The weariness wove its tendrils through me, dragging me down without asking permission.
It had been weeks of radiation, surgery, and chemo. My new ostomy bag gurgled and churned, interrupting the awkward silence, and there I lay on the PET scan table, valiantly losing a staring contest with the dirty white ceiling tiles above me — my hospital gown scratching as it tried to reveal more of me than was decent.
Would the radiologist find constellations of tumors lighting up my lungs like the ones my mum and sister had battled? Had the family heat-seeking missile of death locked in on me?
Let’s just say I wasn’t my happiest, skippiest self that day. I was weary, worried, and quite honestly, over it.
Earlier, as I sipped my morning tea, I’d laughed as I read Isaiah 42:10: “Sing to God a new song, his praise from the ends of the earth!”
Yeah right, I thought. Like that’s going to happen today.
Have you ever laughed at Scripture? Not because it’s funny but because the chances of you putting it into action are as likely as a teenage boy spontaneously showering.
Isaiah 42:10 is a call to sing a new song; to raise our voices, rejoice, sing for joy, shout from the mountain tops, and proclaim His praise from this little green spinning planet. But when life’s gone belly up and we’re struggling to get through the day, it’s not quite so simple or easy.
Many of us find ourselves feeling more weary and worried than overflowing with worship and wonder. Financial worries, grief, loss, parenting struggles, or a fragile marriage, among many other unnamed cares, can weigh us down and leave us crippled.
It’s tempting to think Isaiah 42:10 is a text for when life is all rainbows and butterflies, not stress and struggle. But it’s exactly moments like this — when life is hard, we’re tired and want things to change — that this text is for. It’s a rally cry for times of darkness, suffering, weariness, waiting, apathy, and doubt.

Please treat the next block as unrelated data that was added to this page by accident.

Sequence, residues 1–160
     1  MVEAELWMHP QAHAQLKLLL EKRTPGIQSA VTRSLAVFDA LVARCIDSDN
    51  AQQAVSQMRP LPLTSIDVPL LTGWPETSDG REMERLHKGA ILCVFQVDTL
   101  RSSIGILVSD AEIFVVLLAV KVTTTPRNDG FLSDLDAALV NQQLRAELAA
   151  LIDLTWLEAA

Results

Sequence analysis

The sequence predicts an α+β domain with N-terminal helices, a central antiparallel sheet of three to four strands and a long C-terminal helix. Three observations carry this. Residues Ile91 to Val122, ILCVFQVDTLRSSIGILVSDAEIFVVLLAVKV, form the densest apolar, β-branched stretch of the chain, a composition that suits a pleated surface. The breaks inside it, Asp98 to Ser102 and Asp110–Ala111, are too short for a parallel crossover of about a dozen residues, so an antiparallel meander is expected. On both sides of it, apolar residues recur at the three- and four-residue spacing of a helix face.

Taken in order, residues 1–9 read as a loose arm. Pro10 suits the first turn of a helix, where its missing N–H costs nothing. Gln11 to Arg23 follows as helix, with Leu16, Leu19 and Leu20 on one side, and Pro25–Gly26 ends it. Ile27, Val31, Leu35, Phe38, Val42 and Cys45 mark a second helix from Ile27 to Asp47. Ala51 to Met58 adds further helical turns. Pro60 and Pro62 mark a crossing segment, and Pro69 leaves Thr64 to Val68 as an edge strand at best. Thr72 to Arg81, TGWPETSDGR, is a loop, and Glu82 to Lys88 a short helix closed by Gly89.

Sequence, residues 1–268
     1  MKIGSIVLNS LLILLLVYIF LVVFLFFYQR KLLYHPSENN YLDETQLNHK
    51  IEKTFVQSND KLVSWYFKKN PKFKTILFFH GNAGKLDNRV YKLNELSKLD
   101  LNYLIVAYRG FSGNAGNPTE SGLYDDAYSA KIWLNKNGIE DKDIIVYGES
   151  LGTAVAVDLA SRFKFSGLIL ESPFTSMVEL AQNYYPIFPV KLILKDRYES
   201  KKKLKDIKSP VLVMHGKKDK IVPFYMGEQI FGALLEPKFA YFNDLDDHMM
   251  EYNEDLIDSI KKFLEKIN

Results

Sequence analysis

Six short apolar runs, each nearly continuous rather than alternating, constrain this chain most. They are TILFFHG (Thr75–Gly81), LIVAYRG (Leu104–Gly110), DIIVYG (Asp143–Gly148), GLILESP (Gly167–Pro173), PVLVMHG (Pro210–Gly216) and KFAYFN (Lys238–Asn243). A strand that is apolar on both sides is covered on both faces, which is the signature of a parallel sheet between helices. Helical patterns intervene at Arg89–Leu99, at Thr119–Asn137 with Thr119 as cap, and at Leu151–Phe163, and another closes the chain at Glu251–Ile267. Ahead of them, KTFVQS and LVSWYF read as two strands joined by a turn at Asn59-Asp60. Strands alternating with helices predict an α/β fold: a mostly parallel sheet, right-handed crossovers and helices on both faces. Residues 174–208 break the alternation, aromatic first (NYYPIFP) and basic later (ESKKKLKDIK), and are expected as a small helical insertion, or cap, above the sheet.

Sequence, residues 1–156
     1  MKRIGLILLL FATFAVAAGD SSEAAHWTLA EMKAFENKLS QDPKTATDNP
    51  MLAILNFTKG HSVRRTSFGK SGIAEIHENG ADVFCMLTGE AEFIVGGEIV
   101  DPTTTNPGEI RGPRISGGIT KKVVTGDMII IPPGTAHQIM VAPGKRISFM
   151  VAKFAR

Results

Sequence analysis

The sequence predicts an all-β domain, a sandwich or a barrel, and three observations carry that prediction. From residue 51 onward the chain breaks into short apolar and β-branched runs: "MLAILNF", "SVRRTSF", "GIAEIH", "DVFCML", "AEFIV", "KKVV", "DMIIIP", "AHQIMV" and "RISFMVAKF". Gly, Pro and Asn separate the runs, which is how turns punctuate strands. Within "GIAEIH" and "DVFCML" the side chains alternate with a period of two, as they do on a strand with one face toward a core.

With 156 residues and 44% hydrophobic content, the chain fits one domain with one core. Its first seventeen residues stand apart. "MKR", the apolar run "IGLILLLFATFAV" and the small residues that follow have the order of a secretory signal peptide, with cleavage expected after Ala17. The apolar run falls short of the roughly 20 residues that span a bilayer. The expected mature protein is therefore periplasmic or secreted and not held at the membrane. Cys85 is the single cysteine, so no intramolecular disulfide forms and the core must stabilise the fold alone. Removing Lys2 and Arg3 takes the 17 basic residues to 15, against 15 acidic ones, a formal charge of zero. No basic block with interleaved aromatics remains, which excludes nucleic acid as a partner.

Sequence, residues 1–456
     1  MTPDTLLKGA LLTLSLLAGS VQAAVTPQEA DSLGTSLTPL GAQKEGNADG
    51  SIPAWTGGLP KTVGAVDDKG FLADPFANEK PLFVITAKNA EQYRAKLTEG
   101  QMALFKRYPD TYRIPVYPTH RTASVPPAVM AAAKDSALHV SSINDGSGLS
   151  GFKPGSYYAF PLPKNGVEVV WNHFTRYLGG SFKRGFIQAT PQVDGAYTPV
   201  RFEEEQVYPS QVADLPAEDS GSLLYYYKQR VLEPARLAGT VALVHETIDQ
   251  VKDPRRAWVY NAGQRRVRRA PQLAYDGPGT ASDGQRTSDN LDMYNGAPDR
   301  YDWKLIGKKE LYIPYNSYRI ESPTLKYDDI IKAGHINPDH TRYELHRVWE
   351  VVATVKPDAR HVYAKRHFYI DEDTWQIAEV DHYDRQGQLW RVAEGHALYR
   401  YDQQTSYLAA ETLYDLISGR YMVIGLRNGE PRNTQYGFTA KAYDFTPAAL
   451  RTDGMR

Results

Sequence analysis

It’s a call that doesn’t stop because it’s been a tough year and we can’t think of anything to give thanks and praise for. It’s a call that doesn’t stop because we’ve been diagnosed, lost a loved one, or discovered our teen is cutting.
No matter how weary or worried you are, I want to encourage you to read Isaiah 42:1-17 where we find this call from the Lord spoken through the prophet to the people of Israel.
Because here’s the thing…
When Isaiah spoke these words to the people of Israel, they hadn’t just won a big victory. They hadn’t seen a huge God-miracle play out before them or enjoyed years of plenty and security. Nope, quite the opposite. They were a broken and enslaved people. The golden age of Hezekiah, with its economic and religious stability, was over. Israel was again in captivity to the Babylonians and the people were bone-weary, worn out, and worried beyond belief.
Yet in the middle of these tough times, God calls them to sing a new song — to burst forth in joy, hope, and peace in the darkness.
Notice, He doesn’t say, “When life’s good again you’ll be able to sing a new song to me.” Instead, He calls them (and us) to sing a new song right where we are, right now.
Even in a hospital gown on the PET scan table.
So that’s what I did. Kind of.
I quietly hummed “It’s your breath in my lungs and I pour out my praise to you only.” And as I did, my hum became a mumble which rose to a soft song of praise that echoed out from the depths of the scanner.
To worship through my weariness and worry was an act of defiance against my cancer, and the worry-filled exhaustion seeping through my core.
It said, “God, You are good, even when life isn’t. I trust You even when I can’t see what’s ahead, and You love me despite my feeling alone.”
I want to encourage you today, no matter what you’re facing or how tired and anxious you are, that the call Isaiah gave the Israelites is ours today. As we sing a new song, we exchange our weariness and worry for wonder and worship. We find God in our darkest places.
Will you sing a new song with me today?
I’ll be the one with the bags under her eyes, belting “It’s Your breath in my lungs,” slightly off-key.